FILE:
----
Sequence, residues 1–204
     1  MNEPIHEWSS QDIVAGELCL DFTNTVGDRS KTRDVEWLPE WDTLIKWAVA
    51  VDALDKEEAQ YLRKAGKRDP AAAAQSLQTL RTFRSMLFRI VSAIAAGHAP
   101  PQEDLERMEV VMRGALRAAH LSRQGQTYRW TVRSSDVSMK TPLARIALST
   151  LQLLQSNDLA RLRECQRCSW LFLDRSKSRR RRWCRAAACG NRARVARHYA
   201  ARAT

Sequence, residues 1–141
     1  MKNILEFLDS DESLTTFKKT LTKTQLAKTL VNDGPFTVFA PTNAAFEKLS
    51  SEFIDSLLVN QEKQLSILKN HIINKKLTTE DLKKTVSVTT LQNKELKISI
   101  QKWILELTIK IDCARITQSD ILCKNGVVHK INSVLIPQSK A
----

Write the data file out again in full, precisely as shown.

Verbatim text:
Sequence, residues 1–204
     1  MNEPIHEWSS QDIVAGELCL DFTNTVGDRS KTRDVEWLPE WDTLIKWAVA
    51  VDALDKEEAQ YLRKAGKRDP AAAAQSLQTL RTFRSMLFRI VSAIAAGHAP
   101  PQEDLERMEV VMRGALRAAH LSRQGQTYRW TVRSSDVSMK TPLARIALST
   151  LQLLQSNDLA RLRECQRCSW LFLDRSKSRR RRWCRAAACG NRARVARHYA
   201  ARAT

Sequence, residues 1–141
     1  MKNILEFLDS DESLTTFKKT LTKTQLAKTL VNDGPFTVFA PTNAAFEKLS
    51  SEFIDSLLVN QEKQLSILKN HIINKKLTTE DLKKTVSVTT LQNKELKISI
   101  QKWILELTIK IDCARITQSD ILCKNGVVHK INSVLIPQSK A